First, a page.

The numerical models used for weather prediction and climate scenarios rely on turbulence closure and surface-layer exchange schemes based on Monin–Obukhov similarity theory (MOST; Monin and Obukhov 1954), which relates the nondimensional vertical gradients of wind, temperature, and humidity to their respective surface fluxes. MOST is, however, theoretically only valid for stationary, homogeneous flow fields in the atmospheric surface layer, where variations of the turbulent fluxes with height can be neglected. Because the SBL rarely satisfies these conditions, there is substantial need for improvement in the description, characterization, and parameterization of the relevant SBL processes. Moreover, empirical studies evaluating MOST commonly indicate an inability to differentiate between near-neutral and very stable regimes (Foken 2006; Sorbjan and Grachev 2010; Sorbjan 2010; Grachev et al. 2013), which is largely related to the very weak turbulent heat fluxes present in both situations.

The motivation of the Innovative Strategies for Observations in the Arctic Atmospheric Boundary Layer (ISOBAR) project is to improve our understanding of the SBL by applying new observation techniques and numerical modeling experiments, based on the collected data (see the sidebar “SBL model simulations” for an illustration of current SBL issues based on three different types of numerical models). In combination with well-established ground-based micrometeorological instrumentation and boundary layer remote sensing, we utilize multiple unmanned aircraft systems (UAS)—designed for boundary layer observations—to intensively sample the SBL over sea ice. Through this endeavor, we aim to advance our understanding of the myriad of different processes relevant under very stable stratification. The potential of such observational approaches has been emphasized in a number of SBL review articles (e.g., Fernando and Weil 2010; Mahrt 2014). In particular, we investigate the role of wave–turbulence interaction, the formation and variability of low-level jets (LLJ), intermittency, the spatiotemporal evolution of the SBL structure, and interaction between the SBL and the free atmosphere.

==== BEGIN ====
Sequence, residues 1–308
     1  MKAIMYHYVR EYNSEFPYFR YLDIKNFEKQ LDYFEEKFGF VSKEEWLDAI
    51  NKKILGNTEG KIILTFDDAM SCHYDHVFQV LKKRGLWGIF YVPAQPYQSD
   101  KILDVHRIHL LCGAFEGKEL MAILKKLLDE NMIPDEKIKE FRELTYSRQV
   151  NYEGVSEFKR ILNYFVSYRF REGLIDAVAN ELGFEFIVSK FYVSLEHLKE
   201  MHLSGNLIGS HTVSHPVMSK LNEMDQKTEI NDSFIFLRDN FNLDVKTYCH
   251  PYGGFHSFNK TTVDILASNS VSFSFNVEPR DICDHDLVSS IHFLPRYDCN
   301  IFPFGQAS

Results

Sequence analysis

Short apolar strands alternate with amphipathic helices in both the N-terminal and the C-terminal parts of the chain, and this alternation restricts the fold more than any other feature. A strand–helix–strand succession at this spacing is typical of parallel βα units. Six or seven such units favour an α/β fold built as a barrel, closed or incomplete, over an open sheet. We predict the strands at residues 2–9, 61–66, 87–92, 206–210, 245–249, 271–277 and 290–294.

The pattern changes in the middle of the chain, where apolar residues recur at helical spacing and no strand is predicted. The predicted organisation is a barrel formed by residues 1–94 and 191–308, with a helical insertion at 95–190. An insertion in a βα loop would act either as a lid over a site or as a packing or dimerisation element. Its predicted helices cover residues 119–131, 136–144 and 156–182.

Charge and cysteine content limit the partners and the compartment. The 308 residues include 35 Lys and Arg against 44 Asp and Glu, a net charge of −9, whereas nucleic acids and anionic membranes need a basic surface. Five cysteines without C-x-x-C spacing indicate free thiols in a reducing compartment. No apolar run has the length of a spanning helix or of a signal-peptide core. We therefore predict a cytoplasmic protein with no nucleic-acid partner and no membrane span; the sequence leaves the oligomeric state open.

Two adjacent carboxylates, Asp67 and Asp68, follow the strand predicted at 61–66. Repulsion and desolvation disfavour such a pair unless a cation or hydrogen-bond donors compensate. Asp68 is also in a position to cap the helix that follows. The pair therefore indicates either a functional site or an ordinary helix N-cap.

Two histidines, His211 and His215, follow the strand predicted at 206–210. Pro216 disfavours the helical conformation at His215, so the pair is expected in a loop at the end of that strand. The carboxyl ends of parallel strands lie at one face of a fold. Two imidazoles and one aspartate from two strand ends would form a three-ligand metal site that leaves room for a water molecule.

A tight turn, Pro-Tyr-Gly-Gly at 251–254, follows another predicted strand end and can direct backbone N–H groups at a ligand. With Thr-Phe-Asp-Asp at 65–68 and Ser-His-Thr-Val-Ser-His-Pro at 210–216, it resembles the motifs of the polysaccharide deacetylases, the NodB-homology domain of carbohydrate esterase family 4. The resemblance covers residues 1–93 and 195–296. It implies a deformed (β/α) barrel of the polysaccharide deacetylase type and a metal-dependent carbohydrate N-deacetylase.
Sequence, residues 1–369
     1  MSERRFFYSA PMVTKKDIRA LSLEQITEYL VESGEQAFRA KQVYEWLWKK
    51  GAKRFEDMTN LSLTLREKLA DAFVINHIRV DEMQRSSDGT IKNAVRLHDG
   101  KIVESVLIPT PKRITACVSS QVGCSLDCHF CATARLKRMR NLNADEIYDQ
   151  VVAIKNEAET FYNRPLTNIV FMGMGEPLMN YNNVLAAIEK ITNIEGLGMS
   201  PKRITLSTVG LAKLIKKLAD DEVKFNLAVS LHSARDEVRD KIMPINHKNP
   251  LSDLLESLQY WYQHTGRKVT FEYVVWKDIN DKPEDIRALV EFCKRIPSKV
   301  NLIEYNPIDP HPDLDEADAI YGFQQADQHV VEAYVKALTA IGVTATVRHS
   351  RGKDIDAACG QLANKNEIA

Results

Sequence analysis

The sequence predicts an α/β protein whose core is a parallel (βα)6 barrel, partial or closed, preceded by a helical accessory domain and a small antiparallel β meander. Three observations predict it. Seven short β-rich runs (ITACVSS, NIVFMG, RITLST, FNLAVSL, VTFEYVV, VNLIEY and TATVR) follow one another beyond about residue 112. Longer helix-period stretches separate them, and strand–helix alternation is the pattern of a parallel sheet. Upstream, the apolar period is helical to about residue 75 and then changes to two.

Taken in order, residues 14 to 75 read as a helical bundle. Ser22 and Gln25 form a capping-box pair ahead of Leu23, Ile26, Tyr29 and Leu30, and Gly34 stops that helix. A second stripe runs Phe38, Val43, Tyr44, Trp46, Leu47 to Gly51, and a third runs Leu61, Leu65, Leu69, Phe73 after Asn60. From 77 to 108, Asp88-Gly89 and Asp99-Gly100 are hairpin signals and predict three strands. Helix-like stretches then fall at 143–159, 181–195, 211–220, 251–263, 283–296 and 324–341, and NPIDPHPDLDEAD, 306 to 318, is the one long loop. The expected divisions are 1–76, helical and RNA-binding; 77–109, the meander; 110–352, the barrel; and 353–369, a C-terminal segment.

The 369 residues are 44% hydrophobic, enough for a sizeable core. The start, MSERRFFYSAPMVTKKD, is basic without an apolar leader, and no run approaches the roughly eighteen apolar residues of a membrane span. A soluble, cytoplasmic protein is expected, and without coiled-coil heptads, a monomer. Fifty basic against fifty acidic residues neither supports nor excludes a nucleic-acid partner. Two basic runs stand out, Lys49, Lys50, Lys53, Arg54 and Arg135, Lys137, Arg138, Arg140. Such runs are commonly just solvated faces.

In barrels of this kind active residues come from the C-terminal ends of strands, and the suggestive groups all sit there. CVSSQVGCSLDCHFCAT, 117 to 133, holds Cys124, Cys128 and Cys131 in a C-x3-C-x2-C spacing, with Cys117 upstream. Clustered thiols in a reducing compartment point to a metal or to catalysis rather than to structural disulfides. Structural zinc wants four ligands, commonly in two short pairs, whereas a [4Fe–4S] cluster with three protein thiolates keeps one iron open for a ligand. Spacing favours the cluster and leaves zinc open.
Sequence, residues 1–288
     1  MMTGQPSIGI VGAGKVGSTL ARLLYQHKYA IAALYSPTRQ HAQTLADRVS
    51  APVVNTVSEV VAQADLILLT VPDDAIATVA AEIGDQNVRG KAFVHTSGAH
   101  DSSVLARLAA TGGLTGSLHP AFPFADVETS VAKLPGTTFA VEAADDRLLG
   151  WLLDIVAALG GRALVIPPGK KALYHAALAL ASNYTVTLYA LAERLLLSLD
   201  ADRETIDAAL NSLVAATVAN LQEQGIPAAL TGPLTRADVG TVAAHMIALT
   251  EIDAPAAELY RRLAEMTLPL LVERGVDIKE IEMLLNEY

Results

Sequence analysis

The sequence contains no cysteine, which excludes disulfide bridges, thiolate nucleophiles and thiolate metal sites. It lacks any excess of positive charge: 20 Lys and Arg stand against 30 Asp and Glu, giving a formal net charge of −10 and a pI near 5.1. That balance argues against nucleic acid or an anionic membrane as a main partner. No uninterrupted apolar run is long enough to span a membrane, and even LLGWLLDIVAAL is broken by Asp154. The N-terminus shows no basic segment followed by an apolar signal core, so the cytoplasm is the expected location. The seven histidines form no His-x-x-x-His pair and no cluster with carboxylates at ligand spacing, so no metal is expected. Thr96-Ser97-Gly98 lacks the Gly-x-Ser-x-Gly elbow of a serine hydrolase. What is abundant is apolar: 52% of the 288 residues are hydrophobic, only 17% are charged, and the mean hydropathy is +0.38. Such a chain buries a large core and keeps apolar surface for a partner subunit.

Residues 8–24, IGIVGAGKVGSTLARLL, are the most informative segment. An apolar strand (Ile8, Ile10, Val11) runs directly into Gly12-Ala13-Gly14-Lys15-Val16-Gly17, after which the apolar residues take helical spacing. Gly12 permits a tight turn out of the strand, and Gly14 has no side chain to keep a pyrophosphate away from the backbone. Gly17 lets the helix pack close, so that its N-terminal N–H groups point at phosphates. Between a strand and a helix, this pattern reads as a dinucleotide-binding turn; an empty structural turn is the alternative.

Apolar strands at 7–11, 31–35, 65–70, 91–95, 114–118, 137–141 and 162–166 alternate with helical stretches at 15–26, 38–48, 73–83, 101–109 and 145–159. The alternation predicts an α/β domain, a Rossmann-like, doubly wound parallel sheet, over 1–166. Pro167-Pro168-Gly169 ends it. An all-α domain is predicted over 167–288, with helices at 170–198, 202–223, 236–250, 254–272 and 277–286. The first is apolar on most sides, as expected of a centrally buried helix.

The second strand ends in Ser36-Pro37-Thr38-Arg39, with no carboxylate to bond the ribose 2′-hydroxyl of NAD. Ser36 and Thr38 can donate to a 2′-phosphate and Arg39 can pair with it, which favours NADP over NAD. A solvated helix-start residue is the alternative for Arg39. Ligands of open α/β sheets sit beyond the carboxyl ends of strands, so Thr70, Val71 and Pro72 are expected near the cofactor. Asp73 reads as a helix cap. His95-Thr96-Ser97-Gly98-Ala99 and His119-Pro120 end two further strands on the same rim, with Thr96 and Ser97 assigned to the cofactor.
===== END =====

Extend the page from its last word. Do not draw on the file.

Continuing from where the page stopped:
SBL model simulations